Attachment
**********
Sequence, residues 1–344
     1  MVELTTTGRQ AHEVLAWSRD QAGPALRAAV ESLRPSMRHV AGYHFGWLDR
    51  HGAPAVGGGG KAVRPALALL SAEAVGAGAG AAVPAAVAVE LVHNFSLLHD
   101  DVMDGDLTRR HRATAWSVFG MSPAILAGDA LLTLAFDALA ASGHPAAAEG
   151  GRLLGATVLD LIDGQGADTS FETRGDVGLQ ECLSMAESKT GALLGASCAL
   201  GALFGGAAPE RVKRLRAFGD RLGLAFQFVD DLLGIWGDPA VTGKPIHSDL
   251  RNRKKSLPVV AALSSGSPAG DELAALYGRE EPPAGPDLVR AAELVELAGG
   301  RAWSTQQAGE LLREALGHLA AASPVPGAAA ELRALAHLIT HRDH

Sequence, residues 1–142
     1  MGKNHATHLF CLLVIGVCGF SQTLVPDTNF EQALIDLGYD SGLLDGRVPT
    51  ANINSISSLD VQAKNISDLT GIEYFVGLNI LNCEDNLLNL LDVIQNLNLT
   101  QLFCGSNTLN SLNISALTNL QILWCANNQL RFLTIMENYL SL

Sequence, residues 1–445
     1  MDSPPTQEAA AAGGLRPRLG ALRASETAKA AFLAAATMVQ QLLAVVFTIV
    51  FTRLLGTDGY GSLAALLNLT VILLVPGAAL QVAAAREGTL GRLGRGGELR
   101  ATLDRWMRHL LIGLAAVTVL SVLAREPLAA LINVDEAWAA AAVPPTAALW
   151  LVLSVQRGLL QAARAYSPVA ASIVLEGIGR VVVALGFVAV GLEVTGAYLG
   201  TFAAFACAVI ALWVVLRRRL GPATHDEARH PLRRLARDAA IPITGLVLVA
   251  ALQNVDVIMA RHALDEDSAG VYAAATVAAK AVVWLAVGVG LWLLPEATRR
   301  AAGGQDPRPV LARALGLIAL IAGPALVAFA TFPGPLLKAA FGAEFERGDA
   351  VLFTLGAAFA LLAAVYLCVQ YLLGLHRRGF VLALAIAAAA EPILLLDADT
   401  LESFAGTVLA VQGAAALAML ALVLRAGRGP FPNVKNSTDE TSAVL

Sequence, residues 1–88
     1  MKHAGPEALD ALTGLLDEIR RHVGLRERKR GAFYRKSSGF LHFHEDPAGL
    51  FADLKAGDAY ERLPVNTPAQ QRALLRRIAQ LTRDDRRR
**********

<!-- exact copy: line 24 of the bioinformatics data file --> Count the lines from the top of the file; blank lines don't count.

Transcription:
     1  MKHAGPEALD ALTGLLDEIR RHVGLRERKR GAFYRKSSGF LHFHEDPAGL